With excitement growing about the 2017 race for Minneapolis mayor (not to mention all city council and park board seats), grassroots organizers and volunteers across the city are gearing up to ensure that all voters know the issues and the candidates, are familiar with ranked-choice voting, and cast their ballots this fall.
The Minneapolis Foundation is supporting these efforts with more than $250,000 in grants to increase voter engagement, especially in communities with historically low turnout.
These grants will support nonpartisan get-out-the vote efforts focusing on residents in communities that are often underrepresented. All 14 of the nonprofit organizations receiving grants have deep community connections, with networks and relationships that extend far beyond the election cycle. The constituents they serve live in North and South Minneapolis and include students, people living in low-income neighborhoods, immigrants, LGBTQ residents, residents of color and American Indians, and the homeless.
Voter turnout in municipal elections is typically far lower than it is during presidential elections. For example, at its municipal election in 2013, the City of Minneapolis reported that 33 percent of registered voters turned out to vote, compared to 79 percent in last year’s presidential election. Further, voter turnout varies by 10 to 20 percentage points or more in wards across the city.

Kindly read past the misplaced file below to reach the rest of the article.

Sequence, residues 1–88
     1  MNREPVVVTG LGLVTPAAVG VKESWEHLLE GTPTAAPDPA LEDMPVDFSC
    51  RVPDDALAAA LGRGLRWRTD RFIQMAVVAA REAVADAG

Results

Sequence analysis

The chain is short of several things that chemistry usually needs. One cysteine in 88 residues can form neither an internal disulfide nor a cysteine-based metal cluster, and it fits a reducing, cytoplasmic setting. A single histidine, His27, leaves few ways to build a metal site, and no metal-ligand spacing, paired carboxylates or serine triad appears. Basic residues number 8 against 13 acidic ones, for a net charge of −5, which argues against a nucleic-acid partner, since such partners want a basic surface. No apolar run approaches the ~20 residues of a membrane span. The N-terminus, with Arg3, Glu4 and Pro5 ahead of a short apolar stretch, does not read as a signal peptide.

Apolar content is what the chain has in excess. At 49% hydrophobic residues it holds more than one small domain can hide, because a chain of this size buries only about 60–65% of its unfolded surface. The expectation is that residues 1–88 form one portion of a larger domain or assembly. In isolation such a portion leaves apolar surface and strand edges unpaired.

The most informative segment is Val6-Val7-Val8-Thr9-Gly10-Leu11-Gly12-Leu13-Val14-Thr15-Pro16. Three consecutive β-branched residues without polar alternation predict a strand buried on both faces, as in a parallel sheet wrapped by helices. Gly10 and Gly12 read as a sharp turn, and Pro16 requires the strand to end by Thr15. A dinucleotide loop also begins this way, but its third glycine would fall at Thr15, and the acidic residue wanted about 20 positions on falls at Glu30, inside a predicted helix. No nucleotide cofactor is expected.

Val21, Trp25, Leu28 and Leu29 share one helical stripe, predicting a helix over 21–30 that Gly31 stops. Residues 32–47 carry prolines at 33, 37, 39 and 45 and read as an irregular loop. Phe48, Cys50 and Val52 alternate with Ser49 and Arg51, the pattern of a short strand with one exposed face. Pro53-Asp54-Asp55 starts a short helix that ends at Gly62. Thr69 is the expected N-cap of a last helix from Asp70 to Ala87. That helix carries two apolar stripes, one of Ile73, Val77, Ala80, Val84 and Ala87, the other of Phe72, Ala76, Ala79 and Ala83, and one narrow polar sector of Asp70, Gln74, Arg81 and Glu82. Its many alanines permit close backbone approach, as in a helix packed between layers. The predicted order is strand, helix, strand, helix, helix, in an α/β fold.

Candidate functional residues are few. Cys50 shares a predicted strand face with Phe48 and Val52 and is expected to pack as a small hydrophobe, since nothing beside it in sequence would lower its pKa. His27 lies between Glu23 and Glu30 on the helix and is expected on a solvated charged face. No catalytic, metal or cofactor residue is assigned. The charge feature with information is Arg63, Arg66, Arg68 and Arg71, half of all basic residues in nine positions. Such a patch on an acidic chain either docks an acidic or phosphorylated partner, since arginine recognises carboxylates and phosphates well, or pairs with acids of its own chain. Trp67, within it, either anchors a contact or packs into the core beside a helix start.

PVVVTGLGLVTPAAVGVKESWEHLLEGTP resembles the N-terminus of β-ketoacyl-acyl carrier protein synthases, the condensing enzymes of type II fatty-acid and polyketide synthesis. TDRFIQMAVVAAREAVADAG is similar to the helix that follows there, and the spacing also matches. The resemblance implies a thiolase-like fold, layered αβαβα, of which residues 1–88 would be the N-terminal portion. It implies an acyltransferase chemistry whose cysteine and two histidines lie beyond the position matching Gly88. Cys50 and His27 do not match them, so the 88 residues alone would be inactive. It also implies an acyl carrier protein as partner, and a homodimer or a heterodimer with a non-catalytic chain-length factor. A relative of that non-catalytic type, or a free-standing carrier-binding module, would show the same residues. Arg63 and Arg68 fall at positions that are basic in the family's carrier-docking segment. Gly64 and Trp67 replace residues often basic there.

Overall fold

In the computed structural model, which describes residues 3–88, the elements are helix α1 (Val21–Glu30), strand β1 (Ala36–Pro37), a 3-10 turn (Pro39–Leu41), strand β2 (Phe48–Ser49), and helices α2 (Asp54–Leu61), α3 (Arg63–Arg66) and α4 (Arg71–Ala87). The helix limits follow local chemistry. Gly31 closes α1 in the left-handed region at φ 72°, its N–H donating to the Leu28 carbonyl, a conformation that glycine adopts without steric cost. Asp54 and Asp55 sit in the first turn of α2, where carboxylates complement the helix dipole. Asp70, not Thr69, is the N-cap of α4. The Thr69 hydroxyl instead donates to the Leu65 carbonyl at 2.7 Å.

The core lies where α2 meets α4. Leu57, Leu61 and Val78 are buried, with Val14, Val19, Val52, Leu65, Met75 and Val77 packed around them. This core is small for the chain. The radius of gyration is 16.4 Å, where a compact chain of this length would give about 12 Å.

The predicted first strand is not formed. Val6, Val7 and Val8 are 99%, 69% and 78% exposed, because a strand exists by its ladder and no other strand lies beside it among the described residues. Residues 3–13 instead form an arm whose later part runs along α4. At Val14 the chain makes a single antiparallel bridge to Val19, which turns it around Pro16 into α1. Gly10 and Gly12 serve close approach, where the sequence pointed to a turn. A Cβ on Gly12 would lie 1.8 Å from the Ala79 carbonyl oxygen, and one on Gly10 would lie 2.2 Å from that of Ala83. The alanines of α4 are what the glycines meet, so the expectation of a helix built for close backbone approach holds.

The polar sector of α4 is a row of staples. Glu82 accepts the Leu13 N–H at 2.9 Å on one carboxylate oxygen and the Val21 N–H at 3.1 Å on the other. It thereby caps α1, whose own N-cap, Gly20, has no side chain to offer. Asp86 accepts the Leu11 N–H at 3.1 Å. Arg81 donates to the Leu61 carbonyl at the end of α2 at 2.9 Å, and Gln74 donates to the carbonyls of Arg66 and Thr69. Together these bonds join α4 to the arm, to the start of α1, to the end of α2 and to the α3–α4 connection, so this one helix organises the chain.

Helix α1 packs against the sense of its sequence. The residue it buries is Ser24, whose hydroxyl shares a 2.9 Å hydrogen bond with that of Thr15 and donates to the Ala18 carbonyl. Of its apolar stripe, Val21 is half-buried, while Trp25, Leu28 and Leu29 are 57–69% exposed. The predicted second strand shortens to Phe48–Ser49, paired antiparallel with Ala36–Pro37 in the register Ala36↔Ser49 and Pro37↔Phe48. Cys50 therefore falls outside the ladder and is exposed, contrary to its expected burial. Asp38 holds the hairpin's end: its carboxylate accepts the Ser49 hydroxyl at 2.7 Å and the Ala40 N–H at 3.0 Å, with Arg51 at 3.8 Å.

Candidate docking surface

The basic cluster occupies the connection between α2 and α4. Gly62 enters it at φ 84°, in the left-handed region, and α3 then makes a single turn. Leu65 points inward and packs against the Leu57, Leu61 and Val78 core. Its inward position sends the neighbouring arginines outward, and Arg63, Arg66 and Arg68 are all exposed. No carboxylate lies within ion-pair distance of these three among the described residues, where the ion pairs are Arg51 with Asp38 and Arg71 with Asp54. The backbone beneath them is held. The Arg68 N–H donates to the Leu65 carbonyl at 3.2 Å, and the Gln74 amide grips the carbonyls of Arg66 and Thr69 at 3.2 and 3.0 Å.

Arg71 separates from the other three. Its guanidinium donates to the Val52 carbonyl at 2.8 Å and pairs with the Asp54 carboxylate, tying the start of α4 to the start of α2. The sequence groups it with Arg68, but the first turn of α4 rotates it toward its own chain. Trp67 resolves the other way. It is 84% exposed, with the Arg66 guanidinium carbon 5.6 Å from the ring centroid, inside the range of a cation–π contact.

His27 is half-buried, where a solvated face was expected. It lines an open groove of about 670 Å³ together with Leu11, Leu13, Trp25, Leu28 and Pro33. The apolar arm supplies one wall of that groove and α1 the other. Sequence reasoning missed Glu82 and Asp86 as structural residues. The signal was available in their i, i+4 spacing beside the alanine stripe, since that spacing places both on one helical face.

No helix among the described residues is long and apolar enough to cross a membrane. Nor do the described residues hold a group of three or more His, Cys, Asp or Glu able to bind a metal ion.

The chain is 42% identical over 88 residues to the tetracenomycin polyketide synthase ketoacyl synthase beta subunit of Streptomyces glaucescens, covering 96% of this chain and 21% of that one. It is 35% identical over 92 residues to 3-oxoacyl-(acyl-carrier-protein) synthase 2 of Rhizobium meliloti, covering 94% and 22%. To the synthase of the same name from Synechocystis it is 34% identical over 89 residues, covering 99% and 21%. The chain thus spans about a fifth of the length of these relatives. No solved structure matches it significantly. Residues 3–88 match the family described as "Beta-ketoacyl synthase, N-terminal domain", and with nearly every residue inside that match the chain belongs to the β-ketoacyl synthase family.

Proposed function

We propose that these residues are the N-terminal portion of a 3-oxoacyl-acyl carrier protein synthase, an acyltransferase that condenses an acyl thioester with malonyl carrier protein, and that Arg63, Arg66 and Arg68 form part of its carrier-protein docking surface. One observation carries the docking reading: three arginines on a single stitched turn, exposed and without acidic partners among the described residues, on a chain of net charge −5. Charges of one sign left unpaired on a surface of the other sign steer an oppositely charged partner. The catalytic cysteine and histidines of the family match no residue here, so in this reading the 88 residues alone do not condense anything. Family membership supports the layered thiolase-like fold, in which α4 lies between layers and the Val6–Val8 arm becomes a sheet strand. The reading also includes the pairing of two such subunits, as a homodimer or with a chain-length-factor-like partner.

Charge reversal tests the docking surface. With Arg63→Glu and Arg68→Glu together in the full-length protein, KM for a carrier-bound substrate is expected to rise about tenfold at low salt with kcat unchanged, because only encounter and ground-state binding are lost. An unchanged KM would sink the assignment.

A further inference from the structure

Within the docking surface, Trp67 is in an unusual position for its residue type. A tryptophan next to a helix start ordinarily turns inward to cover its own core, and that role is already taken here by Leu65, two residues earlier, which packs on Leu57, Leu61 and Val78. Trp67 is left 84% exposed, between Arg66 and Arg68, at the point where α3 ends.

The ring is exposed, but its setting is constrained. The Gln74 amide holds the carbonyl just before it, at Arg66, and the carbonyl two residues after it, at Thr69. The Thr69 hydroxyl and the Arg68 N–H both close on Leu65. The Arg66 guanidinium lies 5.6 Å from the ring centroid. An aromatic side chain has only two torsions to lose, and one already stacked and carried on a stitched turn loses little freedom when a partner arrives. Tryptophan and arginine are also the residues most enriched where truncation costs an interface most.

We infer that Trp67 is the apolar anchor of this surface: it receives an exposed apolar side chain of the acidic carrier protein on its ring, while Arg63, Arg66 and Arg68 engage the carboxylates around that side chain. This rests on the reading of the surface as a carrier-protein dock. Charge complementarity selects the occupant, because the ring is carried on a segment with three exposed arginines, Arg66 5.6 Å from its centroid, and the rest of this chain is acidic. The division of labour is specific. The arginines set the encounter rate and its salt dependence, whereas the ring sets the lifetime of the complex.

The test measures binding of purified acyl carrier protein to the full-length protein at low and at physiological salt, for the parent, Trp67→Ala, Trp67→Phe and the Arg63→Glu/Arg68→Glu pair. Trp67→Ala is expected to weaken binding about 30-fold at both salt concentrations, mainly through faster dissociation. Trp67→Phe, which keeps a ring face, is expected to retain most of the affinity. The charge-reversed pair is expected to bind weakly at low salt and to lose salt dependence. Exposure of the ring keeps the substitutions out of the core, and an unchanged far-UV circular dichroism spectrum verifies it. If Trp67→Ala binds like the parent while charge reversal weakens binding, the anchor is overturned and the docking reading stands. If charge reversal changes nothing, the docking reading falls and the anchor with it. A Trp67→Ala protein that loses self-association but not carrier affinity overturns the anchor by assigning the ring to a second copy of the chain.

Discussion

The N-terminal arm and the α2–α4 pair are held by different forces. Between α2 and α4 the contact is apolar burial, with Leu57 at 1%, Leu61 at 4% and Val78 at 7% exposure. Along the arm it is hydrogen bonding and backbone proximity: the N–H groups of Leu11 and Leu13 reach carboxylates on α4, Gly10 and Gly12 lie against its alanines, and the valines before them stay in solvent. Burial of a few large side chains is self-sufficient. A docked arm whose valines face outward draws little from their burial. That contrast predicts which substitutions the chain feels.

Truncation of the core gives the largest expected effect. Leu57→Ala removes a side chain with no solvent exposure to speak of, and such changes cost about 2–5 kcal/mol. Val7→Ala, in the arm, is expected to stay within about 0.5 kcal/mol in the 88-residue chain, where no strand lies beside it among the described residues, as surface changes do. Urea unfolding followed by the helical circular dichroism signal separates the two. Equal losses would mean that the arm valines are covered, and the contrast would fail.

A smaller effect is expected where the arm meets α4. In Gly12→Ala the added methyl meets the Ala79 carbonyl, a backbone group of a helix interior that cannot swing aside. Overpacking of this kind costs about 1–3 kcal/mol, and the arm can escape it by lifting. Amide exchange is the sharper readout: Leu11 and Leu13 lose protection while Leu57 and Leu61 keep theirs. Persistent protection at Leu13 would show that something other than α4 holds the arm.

These grants reflect The Minneapolis Foundation’s commitment to civic engagement as a strategy to address systemic challenges. “Healthy communities depend on engaged, active residents who speak up on issues that matter to them, and voting is a common entry point for civic participation,” said Catherine Gray, the Foundation’s Director of Impact Strategy for Civic Engagement. Not including this year’s grants, The Minneapolis Foundation has awarded a total of $918,000 in voter engagement grants to 26 organizations since 2013.
Grants awarded this spring, which total $256,742, will support a range of nonpartisan activities, including candidate forums, voter registration and pledge drives, phone banking, and educational outreach about ranked-choice voting. To maximize their impact in the community, grant recipients will work together as a cohort led by Minnesota Voice, a nonprofit with expertise in data collection, get-out-the-vote work and integrated voter engagement strategies. Minnesota Voice is part of a national network working toward social, racial, and economic justice by increasing civic engagement and voter participation.
Here’s the complete list of this year’s voter engagement grant recipients:
- The Anika Foundation
- CAPI USA
- OutFront Minnesota
- Harrison Neighborhood Association
- Lao Assistance Center
- Lyndale Neighborhood Association
- Minnesota Public Interest Research Group (MPIRG)
- Native American Community Development Institute
- Open Access Connections
- Pillsbury United Communities
- Somali Action Alliance
- Urban Homeworks
- Voices for Racial Justice